Nevada bill to allow medical pot tax collection draws no opposition
No opposition was raised Tuesday during a hearing on a bill that would allow the state Department of Taxation to move forward with the collection of excise taxes on the sale of medical marijuana.
February 10, 2015 - 4:17 pm
CARSON CITY — No opposition was raised Tuesday during a hearing on a bill that would allow the state Department of Taxation to move forward with the collection of excise taxes on the sale of medical marijuana.
Assembly Bill 70, heard by the Assembly Taxation Committee, outlines the procedures that would be used by the agency to collect the tax, issue any refunds or perform audits.
Deonne Contine, executive director of the agency, said the bill is needed because the 2 percent tax on wholesale sales and a separate 2 percent tax on the retail sales of medical marijuana at licensed dispensaries was added late in the 2013 session and so the Tax Department did not have a chance to include language needed for the collection of the tax.
She described the measure as more of a “cleanup” bill so the agency can perform its collection duties.
The committee did not take immediate action on the legislation.
The dispensaries were authorized by the 2013 legislation sponsored by Sen. Tick Segerblom, D-Las Vegas, but no dispensaries are operating yet as those granted licenses go through the local government zoning processes in communities around the state.
Kiera Sears, representing Black Rock Nutraceuticals, testified in support of the bill, saying the company supports the use of the taxes collected to support public education. Seventy-five percent of the revenue will go directly to the public schools. The other 25 percent will be used by the state to operate the medical marijuana program.
“It is our goal as a participant in this industry to create and maintain conservative legislation moving forward, so that Nevada may one day become a leader for the rest of the country — that the action we take here in this session may serve as a template that both future states and the federal government may feel confident in following,” she said.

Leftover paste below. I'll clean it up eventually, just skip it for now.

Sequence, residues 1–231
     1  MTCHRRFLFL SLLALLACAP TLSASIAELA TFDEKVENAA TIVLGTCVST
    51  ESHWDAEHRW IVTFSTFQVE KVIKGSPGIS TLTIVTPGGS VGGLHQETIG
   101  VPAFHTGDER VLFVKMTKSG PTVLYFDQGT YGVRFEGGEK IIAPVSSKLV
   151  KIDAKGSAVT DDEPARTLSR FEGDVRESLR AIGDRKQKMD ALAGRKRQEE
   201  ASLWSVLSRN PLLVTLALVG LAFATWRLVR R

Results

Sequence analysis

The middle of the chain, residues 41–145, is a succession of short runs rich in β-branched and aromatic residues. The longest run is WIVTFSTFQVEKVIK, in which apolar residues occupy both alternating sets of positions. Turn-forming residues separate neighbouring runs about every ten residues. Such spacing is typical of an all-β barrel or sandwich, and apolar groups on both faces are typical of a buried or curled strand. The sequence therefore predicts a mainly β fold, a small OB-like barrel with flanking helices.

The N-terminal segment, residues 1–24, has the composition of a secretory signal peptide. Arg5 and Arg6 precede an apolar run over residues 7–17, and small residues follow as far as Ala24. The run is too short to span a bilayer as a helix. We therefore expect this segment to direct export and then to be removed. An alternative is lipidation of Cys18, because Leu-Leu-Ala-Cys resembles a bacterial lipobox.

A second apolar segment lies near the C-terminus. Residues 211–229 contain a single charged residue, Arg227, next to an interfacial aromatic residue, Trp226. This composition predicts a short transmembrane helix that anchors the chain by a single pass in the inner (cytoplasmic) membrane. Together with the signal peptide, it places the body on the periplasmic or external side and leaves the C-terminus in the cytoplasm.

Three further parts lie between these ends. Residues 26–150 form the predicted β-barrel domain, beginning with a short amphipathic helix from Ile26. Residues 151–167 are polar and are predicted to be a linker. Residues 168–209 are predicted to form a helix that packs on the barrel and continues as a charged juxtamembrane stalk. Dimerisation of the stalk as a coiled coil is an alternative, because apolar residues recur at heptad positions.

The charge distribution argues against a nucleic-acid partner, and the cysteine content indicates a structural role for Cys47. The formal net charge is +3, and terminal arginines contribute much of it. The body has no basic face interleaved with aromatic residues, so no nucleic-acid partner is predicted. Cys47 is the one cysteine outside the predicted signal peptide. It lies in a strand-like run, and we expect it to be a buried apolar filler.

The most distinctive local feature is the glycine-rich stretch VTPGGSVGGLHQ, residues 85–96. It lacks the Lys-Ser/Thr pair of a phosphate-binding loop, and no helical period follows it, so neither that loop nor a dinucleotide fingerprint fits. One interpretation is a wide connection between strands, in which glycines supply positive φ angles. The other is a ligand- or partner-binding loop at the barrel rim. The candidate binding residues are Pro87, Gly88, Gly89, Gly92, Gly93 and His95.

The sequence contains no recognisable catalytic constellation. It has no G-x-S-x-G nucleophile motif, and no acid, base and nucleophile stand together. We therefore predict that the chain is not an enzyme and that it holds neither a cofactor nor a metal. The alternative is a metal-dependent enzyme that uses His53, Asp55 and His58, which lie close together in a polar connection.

The committee did not address the current status of the program or the amount of revenue that might be generated once the dispensaries, cultivation facilities and related businesses begin operating.
Preliminary estimates made in October by the Nevada Division of Public and Behavioral Health suggested that Nevada’s medical marijuana program could generate as much as $10 million in excise taxes in the upcoming two-year budget. The estimate does not include potential revenue from out-of-state residents who might purchase the product while visiting Nevada. California, which comprised 33 percent of visitors to Las Vegas in 2013, has 77,000 medical marijuana patient cardholders.
Assumptions used in the estimate suggest that the number of Nevadans using medical marijuana will reach 21,102 by July 1, 2017. There were 8,575 patient cardholders as of January, with 6,195 of those in Clark County.
The revenue assumption is also based on a potential maximum purchase of 2.5 ounces of marijuana every two weeks with a price estimated at $200 an ounce.
Contact Sean Whaley at firstname.lastname@example.org or 775-687-3900. Find him on Twitter: @seanw801.